OCT. 6, 2020. . . (State House News Service) — Cigarette sales in Massachusetts were down by 24 percent in August, according to convenience store owners, and the state has seen a nearly $32 million drop in tobacco excise taxes in the three months since its first-in-the-nation ban on menthol cigarettes took effect.
The decline in cigarette tax stamp sales would put Massachusetts on pace to exceed the $93 million in foregone revenue projected by the Department of Revenue last year from the menthol and mint cigarette ban.READ MORE: Coronavirus In Massachusetts: Today's Developments
The New England Convenience Store and Energy Marketers Association said the ban has pushed sales to neighboring states, including New Hampshire and Rhode Island where overall cigarette sales were up 65 percent and 17 percent in August, respectively. New Hampshire saw a 91 percent spike in menthol cigarette sales alone in August, and Rhode Island’s coffers benefited from 40 percent bump in menthol sales.
The ban on menthol cigarettes in Massachusetts took effect on June 1, 2020, and while public officials were willing to give up some revenue for the public health benefits of banning all types of flavored tobacco, convenience stores say residents are simply bringing the products back from other states.READ MORE: Wednesday's Child: 11-Year-Old Zayalani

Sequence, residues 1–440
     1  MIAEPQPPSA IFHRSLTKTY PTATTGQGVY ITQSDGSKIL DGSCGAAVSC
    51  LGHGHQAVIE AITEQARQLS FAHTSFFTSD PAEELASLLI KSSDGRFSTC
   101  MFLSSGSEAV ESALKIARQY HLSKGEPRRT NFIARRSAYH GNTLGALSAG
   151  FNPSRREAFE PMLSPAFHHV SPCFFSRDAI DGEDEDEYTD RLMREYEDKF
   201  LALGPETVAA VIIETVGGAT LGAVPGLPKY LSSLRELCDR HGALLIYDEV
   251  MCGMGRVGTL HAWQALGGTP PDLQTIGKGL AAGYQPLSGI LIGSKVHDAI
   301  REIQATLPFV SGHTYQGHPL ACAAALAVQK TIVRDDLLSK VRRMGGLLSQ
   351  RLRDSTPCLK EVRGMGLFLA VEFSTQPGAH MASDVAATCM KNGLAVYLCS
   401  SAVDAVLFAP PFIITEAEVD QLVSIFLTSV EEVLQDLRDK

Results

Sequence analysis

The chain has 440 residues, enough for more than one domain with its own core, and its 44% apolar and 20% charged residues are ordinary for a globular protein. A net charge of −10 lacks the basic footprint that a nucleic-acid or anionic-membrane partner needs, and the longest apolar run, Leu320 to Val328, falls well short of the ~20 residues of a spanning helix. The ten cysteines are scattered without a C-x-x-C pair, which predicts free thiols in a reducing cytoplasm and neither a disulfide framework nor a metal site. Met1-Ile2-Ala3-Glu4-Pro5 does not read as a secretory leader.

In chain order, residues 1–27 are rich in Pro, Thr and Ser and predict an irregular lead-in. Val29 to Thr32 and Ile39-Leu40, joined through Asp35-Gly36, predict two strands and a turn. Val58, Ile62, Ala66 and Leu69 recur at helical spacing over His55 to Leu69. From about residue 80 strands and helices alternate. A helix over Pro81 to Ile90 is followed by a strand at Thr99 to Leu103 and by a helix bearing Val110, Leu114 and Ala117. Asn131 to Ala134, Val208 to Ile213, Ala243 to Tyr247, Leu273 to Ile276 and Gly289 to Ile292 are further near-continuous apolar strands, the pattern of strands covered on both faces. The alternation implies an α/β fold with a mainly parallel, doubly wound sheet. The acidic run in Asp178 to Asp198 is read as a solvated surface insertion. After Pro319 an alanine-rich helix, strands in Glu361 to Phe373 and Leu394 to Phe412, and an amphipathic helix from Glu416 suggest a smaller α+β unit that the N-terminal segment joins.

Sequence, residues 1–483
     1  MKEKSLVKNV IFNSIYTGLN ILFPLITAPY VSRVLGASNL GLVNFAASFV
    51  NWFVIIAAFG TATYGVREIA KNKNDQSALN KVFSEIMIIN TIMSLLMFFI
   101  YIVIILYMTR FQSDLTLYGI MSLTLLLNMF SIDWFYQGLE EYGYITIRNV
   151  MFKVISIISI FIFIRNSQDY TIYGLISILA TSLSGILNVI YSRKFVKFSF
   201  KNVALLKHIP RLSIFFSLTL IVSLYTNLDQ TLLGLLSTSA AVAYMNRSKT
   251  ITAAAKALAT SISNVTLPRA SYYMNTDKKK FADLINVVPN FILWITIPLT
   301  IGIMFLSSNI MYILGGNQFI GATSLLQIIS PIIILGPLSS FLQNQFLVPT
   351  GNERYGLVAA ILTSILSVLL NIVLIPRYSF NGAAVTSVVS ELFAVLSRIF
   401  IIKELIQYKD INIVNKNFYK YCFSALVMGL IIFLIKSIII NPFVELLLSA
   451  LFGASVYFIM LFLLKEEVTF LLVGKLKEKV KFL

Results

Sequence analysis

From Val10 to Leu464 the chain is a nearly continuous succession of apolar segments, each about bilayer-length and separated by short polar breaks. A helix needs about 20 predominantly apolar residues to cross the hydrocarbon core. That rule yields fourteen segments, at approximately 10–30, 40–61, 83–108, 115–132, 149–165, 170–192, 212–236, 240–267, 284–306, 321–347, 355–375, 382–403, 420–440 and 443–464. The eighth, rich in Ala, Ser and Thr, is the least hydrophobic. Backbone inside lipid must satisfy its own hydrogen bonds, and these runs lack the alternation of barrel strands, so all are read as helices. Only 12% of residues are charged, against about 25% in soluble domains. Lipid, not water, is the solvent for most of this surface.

“We are not surprised to see the revenue losses continue to add up in Massachusetts, nor are we shocked to see New Hampshire reaping the benefits of the policy,” said Jonathan Shaer, executive director of the New England Convenience Store & Energy Marketers Association. “Menthol, mint and wintergreen tobacco continues to be in high demand and our customers have now found alternatives to getting the products they want – the products we used to sell in a regulated, permitted environment.”
“They are now being brought into Massachusetts from over its borders for personal consumption and illegal distribution. The state and our stores both lose,” Shaer said.
According to NECSEMA, sales of cigarette tax stamps in Massachusetts since the menthol ban took effect were down 17.2 percent in June, 23.7 percent in July and 29.9 percent in August.MORE NEWS: Amazon Driver Charged With Child Porn After Allegedly Wearing Wig, Taking Pictures In Wrentham Outlets Bathroom
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